seeing spots: vogue 8788

I recently overheard a conversation among a group of women during a shopping trip. They had just discovered a rack of clothing that included a few striped blouses, linen drawstring pants, and a polka dot skirt (you know, just a few of my all time favorite things). They all agreed–and with great enthusiasm, I must add–that polka dots were ridiculous. “Who actually wears such a stupid looking print?”

My feelings were hurt for the polka dots. Look, to each her own and all that, but polka dots?! What’s not to like? There are a few prints I will always have a soft spot for (gingham, stripes, big florals), but polka dots must be the happiest print on earth.

I found this polka dot print earlier this spring from Fashion Fabrics Club, and I love it. It’s a navy blue medium weight stretch twill with a pretty stiff hand. It would make for a lovely spring jacket, and a shift dress or full skirt would be a nice option too. When it was delivered, I knew it would be the perfect fabric choice for a vintage Vogue pattern I’d been eyeballing for weeks. There’s enough volume in the fabric to support the fullness of the skirt. No petticoat needed!

This pattern appealed to me because there’s good coverage in the bodice and the skirt is nicely flared but not too huge. I was also intrigued by the wraparound detail, which is quite flattering.

Like I do before every project with a commercial pattern, I did a little research to see what other folks were saying about it. The pictures I came across told me everything I needed to know. I thought there might be an issue with the sides of the bodice being too big, and they are (understatement of the year). So what began as an easy project quickly escalated into an enormous fitting challenge.

I want to preface my summary of the fitting issues by saying that this wasn’t a sizing issue. I am the same size across the board with Vogue patterns, and I appreciate that consistency. The issues with the fit of the bodice have to do with gaping in one specific area: the sides of the bodice where it wraps around the body. I had to contour the pattern to fit my body, which is a common thing patterns need when there’s a low neckline, a wrap detail like this, or anything with style lines that follow close to the body, like a strapless design.

The first thing I did was sew a muslin of the bodice to have a look at the fit. It was a mess, but the waist fit and the princess seams were in the correct spot.

I made three sets of adjustments to this pattern. Along the way, I had a good laugh about it because this has to be the most simple pattern I’ve ever had to adjust to such an extent. When I got into the thick of the adjustments, determination kicked in and just sort of said, “I will win this, you silly pattern!” I knew that if I could correct the fit I would have a really, really great dress pattern on my hands that I could make in a lot of colors and patterns, because it really is an easy sewing project. Once you get beyond the task of fitting it, that is.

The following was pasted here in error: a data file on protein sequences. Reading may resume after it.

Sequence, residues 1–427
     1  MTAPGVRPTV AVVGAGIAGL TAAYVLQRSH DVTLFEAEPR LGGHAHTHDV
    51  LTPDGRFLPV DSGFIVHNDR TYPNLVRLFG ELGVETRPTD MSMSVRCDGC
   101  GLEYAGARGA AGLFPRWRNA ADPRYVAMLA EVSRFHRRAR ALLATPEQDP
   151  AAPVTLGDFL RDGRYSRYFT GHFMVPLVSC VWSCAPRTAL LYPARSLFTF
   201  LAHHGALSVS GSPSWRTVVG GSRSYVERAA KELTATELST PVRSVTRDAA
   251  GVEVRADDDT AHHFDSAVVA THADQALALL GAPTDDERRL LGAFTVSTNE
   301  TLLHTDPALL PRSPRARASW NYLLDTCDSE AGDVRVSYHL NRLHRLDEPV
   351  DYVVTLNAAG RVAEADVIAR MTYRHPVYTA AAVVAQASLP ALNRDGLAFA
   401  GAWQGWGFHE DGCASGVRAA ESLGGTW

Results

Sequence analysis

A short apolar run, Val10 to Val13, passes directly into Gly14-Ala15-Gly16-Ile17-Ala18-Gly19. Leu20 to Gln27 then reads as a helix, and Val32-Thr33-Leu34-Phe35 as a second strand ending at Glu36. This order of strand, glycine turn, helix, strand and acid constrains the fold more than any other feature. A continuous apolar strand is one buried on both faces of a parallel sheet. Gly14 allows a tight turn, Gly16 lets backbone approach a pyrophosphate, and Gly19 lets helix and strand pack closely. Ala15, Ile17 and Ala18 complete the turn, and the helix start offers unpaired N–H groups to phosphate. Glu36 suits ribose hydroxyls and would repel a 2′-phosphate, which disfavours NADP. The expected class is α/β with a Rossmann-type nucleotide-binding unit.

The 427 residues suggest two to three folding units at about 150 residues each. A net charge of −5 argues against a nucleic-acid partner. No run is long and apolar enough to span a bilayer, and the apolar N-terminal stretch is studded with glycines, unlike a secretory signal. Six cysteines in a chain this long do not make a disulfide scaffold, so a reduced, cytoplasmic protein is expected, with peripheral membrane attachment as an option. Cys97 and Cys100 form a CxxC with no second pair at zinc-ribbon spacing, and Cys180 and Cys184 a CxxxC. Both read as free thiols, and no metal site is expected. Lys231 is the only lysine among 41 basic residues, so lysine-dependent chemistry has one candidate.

Three muslins later.

In addition to the contouring (which is essentially just “pinching” out excess fabric), I shaped the front princess seam under the bust and removed some excess fabric from the back bodice (a swayback adjustment).

With the fit finally conquered, I could move on to construction. This dress is unlined so the seams are finished with bias tape. I’m particular when it comes to that finish. Sometimes, on white, for example, I don’t mind sewing the bias tape on my machine. The visible sewing line doesn’t bother me. On prints, however, it bugs me a little. So, all of the bias tape on the bodice is slipstitched down by hand so that there are no visible sewing lines on the right side of the fabric. Notice on this scrap how distracting the sewing lines are, even the navy one.

All that slipstitching took some time, but I’m glad I did it. The edges on the bodice are nice and clean. I used bigger hooks and eyes at the back of the neck and on the back wraparound pieces because they are easier to hook than the little ones. Plus, they’re sturdier, and I just like them.

I opted for the hook and eye and snap closures instead of the ties in view A because I want the option of wearing a belt, which wouldn’t have been possible if there was a tie already around the waist.

I mentioned this whole contouring thing in my Stories on Instagram, and there were lots and lots of questions about it so I will be dedicating a post to that concept sometime in June. I promise, it’s not that complicated and it makes a world of difference to how a garment fits. If you have any questions, let me know. Have a wonderful long weekend, and happy sewing!


  1. Heather Myers | 30th May 17

    Thanks for another great post. The way you took in the sides is very interesting if I’m seeing it correctly. I look forward to the details!

  2. Sue Keator | 27th May 17

    I, too, am in the love me some polka dots group. Glad to see you will be doing a post on contouring. I am very interested to see how you dealt with all the extra under the arms.

    • Emily | 28th May 17